Australia: slow Q2 for renewables generation investments is “concerning”, says CEC

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EGPA’s 275MW Bungala Solar Farms 1 and 2 in South Australia, a state which saw no new renewables generation investment last quarter . Image: Inpex Corporation

Q2 2023 was one of the lowest periods for financial commitments to future renewable energy generation projects in Australia since 2017, according to trade body the Clean Energy Council (CEC).

Between March and July, AU$225 million (US$145 million) worth of financial commitments for new renewables generation projects – solar PV and wind – were signed. This compared with AU$2.4 billion (US$1.5 billion) of investment in projects under construction and AU$915 million (US$590 million) into commissioned projects over the last quarter.

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The CEC’s Renewable Projects Quarterly Report found that four generation projects closed financial commitments in Q2 – four more than were signed off in Q1, but the first half of this year was still the slowest recorded since the CEC’s records began in 2017. The projects represent a planned 348MW capacity.

Another four projects worth over 1.1GW in capacity began construction in Q2, and five were commissioned adding 551MW capacity to the grid.

By contrast, energy storage projects saw strong commissioning and investment in Q2 with 1497MW/3802MWh closing financial commitments. Storage busted the rolling quarterly average over the last year for Australia by 2480MWh.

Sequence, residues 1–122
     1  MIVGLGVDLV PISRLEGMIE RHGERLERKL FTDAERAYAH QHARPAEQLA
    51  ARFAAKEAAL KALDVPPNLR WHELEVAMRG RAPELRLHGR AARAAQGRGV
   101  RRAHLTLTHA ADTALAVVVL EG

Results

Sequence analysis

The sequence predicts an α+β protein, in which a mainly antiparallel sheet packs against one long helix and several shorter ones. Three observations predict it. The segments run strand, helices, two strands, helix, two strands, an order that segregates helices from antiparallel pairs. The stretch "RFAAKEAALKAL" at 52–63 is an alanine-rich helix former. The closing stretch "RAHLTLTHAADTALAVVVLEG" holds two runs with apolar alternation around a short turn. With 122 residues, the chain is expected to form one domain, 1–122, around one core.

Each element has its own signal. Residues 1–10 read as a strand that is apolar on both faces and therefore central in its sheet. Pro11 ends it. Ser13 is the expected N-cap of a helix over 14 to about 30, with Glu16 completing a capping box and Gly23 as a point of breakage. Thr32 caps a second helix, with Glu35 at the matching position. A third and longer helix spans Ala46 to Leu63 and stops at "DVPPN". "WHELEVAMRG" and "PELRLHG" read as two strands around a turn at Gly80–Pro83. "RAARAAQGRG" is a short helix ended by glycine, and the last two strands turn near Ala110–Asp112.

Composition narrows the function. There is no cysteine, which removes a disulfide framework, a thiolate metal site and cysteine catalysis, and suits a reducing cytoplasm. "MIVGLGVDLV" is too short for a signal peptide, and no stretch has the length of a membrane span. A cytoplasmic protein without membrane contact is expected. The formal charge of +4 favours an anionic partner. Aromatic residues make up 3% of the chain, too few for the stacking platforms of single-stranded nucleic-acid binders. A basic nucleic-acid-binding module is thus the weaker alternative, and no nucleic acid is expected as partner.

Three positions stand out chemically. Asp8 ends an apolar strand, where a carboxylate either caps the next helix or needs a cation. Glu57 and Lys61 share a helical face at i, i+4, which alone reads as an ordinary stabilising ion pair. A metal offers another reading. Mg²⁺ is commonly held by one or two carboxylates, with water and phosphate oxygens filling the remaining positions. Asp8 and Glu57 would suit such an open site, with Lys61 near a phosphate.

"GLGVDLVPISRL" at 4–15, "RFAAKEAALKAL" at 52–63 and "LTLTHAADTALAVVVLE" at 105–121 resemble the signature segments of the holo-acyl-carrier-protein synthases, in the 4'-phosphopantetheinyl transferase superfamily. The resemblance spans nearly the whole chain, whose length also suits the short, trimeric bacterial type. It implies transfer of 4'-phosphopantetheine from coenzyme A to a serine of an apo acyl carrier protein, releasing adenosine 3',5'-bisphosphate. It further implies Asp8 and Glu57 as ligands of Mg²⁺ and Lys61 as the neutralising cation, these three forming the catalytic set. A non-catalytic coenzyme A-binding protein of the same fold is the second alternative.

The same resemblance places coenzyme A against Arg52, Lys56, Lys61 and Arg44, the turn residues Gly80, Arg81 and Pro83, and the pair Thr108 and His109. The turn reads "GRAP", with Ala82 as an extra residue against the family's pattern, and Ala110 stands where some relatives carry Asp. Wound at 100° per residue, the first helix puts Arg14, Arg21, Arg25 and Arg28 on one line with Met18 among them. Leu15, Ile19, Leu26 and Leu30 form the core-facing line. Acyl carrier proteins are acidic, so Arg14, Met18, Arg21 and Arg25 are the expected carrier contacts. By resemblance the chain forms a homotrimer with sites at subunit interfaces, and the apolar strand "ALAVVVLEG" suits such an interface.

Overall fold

The CEC said that its findings continued a “concerning investment trend” for renewables generation in Australia. Its reporting on Q4 2022 investment – covered by PV Tech– found that the general investment trend for renewables was downward, despite a one-time quarterly uptick following the AU$2 billion financial close of the Golden Plains wind farm’s first phase.

This potentially spells out some concern for the near-term future of solar and wind generation deployment in Australia. On average, the five projects that were commissioned in Q2 took 28 months from their financial close to their commissioning, the CEC said, and so far 2023 has yielded a total of four projects reaching financial close.

Q2 2023 was one of the busiest quarters for projects under construction, but the pipeline of projects following these once they reach completion is looking relatively dry.

Western Australia hosted half of the financially committed projects this quarter, with Victoria then Queensland and New South Wales splitting the others.

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